Climate Change: It’s Up to You New York, New York

The juggernaut that is A Call to the Bar: Lawyers for Common Sense on Climate Change hit the Big Apple in a big way on May 14, 2015, as volunteers Yolanda Pagano and Steve Harvey met with the Environmental Committee of the New York City Bar Association to discuss why lawyers should take a leadership role on climate change.

We were too late. Lawyers in New York are already leading the way. In 2009, the NYC Bar Association endorsed a Statement of Principles calling for strong government action on climate change, including carbon pricing, without which we will never control our future.

Yolanda Pagano

Yolanda Pagano

And in September 2014, right after the huge climate rally in New York, the NYC Bar Association hosted a program that featured New York Attorney General Eric Schneiderman, who made some of the strongest statements heard yet about lawyers taking a stance on climate change.

  • “while the evidence and the technical solutions for dealing with climate change may come to us from scientists and engineers, it will be public officials, lawyers and activists who will determine how – or if – those solutions get implemented.”
  • “we all need to ratchet up our creativity and our outreach to make it clear for everyone to understand, and easy for everyone to understand, that climate change is already affecting each of us, it’s affecting our communities, it’s affecting our friends and family, and that it will get worse very quickly if we do not mobilize to demand action both from the government and from leaders in the private sector.”
  • “We’re not going to see real action from politicians and business leaders until we create a much broader shift in public consciousness.”

Hear him. Hear him.

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left to right: Mike Mahoney, Jeff Smith, Stephen G. Harvey

 

Hats off to the NYC Bar Association and its Environmental Committee (chaired by the estimable Mike Mahoney of Pfizer) for being out front on climate change. And thank you Attorney General Schneiderman. We need many more elected officials with your understanding and passion on this critical issue, regardless of political stripe.

 

Season of Hope on Climate Change

Today the cause of combatting climate change gains a very important ally. Pope Francis has issued a papal encyclical on climate change that throws the full moral weight of the world’s largest religious organization in favor of taking action to preserve the planet.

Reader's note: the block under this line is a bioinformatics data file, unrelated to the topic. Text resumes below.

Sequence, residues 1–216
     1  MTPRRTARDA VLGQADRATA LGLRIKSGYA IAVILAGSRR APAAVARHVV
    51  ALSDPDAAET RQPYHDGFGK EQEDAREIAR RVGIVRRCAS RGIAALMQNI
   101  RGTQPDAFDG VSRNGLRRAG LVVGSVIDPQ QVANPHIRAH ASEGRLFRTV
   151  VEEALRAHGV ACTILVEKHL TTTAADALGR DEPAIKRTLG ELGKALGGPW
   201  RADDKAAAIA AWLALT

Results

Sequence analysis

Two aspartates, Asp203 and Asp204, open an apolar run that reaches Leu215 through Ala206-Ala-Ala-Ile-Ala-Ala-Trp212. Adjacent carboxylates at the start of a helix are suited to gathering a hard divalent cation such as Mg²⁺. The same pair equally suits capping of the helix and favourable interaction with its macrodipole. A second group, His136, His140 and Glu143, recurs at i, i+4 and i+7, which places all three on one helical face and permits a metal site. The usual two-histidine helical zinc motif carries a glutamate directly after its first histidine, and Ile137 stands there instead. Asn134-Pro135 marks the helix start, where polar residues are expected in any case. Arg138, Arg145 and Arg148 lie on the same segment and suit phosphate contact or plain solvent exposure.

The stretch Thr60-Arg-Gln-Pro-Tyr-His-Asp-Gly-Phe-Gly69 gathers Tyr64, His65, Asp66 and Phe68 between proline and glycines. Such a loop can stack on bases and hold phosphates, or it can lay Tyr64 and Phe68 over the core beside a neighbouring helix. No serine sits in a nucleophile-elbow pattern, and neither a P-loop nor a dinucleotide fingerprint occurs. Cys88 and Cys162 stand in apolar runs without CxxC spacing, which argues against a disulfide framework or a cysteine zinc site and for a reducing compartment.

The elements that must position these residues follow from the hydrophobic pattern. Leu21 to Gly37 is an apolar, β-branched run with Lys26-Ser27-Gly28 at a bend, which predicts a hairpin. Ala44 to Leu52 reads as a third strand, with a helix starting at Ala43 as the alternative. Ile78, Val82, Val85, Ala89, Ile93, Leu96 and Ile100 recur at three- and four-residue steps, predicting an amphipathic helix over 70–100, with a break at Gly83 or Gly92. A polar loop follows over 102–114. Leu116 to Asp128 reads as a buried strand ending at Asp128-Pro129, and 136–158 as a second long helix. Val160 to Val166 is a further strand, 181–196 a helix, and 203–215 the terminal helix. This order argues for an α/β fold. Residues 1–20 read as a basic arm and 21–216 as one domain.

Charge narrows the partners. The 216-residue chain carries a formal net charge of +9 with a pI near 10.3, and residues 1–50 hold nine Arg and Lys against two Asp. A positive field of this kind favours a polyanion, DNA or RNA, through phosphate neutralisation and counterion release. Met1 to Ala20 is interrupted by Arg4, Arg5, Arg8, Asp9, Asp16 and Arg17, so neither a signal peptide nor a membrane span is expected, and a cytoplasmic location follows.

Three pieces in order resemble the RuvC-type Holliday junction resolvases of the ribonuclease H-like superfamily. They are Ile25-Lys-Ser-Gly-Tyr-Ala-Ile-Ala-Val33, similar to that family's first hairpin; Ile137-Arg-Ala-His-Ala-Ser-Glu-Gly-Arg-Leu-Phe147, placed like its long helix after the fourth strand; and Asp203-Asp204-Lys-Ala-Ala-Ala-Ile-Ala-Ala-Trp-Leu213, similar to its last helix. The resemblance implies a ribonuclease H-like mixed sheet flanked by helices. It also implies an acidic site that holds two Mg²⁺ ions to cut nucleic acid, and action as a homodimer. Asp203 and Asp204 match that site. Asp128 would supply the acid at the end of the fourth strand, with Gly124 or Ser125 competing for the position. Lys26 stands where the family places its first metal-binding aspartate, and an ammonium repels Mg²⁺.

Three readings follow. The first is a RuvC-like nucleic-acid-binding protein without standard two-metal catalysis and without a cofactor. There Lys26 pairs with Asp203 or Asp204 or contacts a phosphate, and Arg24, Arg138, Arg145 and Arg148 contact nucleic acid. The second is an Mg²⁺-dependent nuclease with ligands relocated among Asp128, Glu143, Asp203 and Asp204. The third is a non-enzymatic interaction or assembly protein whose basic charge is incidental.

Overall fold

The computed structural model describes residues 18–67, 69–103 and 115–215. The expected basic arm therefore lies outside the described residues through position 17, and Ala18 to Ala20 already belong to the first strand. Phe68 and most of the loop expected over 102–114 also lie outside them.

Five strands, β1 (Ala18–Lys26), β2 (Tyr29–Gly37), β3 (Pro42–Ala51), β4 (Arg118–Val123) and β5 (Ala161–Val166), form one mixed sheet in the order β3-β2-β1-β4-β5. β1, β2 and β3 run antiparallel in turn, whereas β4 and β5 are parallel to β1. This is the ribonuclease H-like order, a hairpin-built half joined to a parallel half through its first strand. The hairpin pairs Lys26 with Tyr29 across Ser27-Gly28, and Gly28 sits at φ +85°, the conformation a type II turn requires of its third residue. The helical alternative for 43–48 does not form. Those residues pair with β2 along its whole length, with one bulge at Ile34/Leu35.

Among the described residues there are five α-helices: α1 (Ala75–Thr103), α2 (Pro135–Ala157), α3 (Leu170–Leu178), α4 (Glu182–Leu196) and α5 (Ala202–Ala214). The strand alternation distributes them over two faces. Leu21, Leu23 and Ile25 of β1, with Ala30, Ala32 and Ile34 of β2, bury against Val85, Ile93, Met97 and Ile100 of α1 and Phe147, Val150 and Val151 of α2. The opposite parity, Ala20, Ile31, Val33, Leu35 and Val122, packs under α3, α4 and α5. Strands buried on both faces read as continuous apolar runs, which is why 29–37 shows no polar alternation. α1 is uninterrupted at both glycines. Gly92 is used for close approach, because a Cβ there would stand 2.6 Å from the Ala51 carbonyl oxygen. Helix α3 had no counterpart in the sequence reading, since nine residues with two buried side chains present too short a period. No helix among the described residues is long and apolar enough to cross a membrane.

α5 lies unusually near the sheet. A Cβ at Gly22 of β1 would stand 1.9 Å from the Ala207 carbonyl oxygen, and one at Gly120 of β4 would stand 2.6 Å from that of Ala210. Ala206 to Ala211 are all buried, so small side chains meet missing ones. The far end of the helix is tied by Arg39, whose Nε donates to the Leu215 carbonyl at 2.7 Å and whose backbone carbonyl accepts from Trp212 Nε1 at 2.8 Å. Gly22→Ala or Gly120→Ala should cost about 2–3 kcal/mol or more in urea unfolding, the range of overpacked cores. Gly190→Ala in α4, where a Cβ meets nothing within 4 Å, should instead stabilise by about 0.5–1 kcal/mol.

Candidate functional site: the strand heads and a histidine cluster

His Holiness has not spoken to us directly, but it’s pretty clear that he is trying to influence public opinion in the critical months leading up to the UN Climate Summit this December in Paris.  The UN Meeting in Paris represents possibly the last clear chance to limit the harm from climate change to a further increase of no more than 2 degrees Celsius, which many climate scientists think is the limit the planet can endure without a full scale catastrophe.

Between now and December, we expect to hear much more from the Pope on climate change, particularly when he visits the United States this Fall and speaks to a joint session of Congress on September 23 and the UN General Assembly onSeptember 25.

We hope to be enlisting a lot of support from lawyers between now and December. We have just launched our social media campaign with three blog posts.

Please check them out and most importantly, share them with others, and ask them to sign the Petition for Immediate Government Action on Climate Change.

We are planning activities now for the remainder of the year, including educational programs at law schools and bar associations around the country. We will share updates about our progress and news item of great interest.

Economists Agree on the Solution to Climate Change

By now everyone should know that there is no reasonable debate among scientists that global climate change AKA global warming is real, is caused by greenhouse gas emissions primarily carbon dioxide (CO2), and will cause catastrophic consequences for humans in the coming decades if we do not substantially reduce emissions soon. If you doubt any part of that statement, check out Lawyers Should Listen to Scientists on Climate Change.

What seems to be less well known is that there is a near universal consensus among economists that the most effective way to reduce CO2 emissions is through some type of carbon pricing policy.